Scientists evaluate impact of preemptive malaria treatment for infants

November 17, 2005

Yaoundé, Cameroon (17 November 2005)--Administering malaria medicines preemptively to infants in malaria endemic regions has emerged as a potentially effective way to protect young children from the ravages of the disease. Children account for the majority of malaria deaths.

Leading scientists from an ambitious international consortium charged with evaluating the potential of Intermittent Preventive Treatment in Infants (IPTi) will explore the results of a recent clinical trial in Ghana and preliminary evidence from other IPTi research underway in Africa. IPTi has the potential to become a major tool for malaria control in Africa as it may be delivered at the time of routine childhood vaccination--through the Expanded Program on Immunization (EPI)--which increases the chance of long-term sustainability.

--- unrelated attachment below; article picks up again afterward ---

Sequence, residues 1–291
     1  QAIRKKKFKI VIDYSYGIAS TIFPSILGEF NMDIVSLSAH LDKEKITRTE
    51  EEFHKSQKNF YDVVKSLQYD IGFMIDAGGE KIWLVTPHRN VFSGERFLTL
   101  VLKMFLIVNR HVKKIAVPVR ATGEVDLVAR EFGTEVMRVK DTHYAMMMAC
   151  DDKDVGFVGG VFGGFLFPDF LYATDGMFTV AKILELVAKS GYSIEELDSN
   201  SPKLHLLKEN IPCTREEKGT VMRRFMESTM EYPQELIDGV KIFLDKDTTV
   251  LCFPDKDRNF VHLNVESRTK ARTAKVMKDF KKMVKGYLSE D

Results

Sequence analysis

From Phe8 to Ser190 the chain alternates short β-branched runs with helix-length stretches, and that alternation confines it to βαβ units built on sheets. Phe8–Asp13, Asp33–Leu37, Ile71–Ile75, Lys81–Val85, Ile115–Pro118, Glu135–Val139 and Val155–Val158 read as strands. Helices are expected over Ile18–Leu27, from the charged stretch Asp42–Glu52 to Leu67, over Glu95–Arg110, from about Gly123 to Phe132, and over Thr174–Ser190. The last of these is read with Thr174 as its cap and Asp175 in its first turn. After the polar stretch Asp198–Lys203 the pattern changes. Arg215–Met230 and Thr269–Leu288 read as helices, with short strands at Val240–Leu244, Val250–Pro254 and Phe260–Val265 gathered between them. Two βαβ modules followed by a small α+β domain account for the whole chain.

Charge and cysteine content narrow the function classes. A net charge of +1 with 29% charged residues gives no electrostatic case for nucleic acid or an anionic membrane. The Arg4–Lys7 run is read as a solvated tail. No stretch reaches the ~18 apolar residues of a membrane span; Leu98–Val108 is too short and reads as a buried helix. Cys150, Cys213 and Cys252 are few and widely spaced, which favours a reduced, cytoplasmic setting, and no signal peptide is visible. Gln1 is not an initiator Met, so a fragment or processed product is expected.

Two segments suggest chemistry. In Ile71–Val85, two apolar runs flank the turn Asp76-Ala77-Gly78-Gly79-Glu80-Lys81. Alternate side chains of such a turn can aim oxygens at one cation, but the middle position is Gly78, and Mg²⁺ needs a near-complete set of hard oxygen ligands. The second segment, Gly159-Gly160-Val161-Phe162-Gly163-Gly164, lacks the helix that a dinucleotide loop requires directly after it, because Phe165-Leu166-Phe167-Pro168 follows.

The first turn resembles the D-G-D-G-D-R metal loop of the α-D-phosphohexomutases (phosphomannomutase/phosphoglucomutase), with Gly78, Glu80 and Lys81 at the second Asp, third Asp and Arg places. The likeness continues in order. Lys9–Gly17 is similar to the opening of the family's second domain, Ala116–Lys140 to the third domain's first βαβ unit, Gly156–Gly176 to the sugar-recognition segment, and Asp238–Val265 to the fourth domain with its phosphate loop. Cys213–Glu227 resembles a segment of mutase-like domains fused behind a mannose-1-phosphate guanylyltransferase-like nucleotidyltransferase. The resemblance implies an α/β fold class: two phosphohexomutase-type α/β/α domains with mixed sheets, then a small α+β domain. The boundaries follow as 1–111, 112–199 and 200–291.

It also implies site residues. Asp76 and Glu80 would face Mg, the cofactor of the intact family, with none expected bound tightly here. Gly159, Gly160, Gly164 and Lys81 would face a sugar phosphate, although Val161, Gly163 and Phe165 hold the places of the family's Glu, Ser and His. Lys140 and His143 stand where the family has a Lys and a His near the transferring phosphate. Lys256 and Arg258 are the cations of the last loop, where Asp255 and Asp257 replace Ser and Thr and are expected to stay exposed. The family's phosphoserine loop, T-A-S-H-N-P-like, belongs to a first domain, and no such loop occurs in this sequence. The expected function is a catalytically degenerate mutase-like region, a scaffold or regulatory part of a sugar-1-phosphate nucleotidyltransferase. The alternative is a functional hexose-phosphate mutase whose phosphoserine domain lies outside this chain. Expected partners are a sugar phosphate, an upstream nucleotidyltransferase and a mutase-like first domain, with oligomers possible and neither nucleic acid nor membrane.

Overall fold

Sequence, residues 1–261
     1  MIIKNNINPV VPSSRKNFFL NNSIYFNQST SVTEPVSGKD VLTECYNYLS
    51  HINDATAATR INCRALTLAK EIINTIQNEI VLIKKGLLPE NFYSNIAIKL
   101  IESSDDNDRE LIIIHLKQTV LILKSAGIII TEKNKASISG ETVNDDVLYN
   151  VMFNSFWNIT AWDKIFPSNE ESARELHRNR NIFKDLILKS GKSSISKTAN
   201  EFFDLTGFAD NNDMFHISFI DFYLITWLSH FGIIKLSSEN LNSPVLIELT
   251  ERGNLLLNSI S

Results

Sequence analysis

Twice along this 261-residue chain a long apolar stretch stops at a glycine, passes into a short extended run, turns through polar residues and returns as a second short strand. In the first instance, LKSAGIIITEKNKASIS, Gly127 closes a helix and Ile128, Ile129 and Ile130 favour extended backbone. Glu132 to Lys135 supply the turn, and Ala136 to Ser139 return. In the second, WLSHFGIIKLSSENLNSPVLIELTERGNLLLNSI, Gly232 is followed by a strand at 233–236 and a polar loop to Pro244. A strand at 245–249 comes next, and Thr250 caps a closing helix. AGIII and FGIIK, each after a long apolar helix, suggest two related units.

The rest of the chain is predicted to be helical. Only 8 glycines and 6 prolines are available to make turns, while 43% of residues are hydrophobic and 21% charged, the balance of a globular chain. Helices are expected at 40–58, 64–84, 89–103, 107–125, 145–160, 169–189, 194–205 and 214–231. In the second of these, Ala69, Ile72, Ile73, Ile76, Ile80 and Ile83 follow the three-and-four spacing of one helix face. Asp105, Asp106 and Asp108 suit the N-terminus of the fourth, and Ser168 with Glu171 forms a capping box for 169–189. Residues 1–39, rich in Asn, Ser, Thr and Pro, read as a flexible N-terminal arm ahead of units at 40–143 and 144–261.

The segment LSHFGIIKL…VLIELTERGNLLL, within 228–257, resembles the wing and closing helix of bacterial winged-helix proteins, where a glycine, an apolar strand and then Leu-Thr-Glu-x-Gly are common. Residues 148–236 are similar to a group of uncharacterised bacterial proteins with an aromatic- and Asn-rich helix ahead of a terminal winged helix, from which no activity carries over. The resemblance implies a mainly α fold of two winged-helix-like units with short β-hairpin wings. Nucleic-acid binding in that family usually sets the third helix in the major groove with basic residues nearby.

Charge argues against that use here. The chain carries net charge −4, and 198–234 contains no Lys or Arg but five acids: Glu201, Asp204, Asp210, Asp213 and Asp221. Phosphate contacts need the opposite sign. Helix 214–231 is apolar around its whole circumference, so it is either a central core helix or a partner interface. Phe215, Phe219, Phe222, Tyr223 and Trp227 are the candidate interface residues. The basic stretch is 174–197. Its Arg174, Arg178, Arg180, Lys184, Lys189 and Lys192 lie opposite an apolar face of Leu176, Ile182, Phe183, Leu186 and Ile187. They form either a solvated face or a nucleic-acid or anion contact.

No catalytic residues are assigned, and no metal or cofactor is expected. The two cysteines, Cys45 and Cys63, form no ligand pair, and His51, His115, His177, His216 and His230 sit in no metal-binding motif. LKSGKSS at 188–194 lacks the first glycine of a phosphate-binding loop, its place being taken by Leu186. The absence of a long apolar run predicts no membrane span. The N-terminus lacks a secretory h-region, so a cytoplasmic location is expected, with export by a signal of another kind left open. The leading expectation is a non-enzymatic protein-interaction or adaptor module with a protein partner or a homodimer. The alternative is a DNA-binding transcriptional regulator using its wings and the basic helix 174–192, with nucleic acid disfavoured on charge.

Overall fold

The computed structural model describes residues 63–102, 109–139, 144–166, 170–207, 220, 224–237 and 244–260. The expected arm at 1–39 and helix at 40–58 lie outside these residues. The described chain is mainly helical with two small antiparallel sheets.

Researchers will discuss these topics at a special IPTi symposium to be held at this week's Fourth Multilateral Initiative on Malaria (MIM) Pan-African Malaria Conference. (Thursday, 9:00 a.m., Mongosi Hall, Symposium 14) The symposium comes on the heels of last month's publication of results from the Ghana trial, which showed for the first time that IPTi can be effective at preventing malaria in areas of intense and highly seasonal transmission.

"What we have at the moment is a new prevention strategy that has shown clear potential," said Andrea Egan, coordinator of the IPTi Consortium. "The IPTi Consortium was formed to enable researchers to investigate the questions that need to be resolved if IPTi is to become a widely used tool for fighting malaria. The MIM symposium is a timely opportunity to discuss the results from the Ghana trial and other IPTi studies with the international malaria research and control communities. We aim to balance what we know is an urgent demand for new malaria prevention strategies with the need for clear evidence of safety and effectiveness in multiple settings."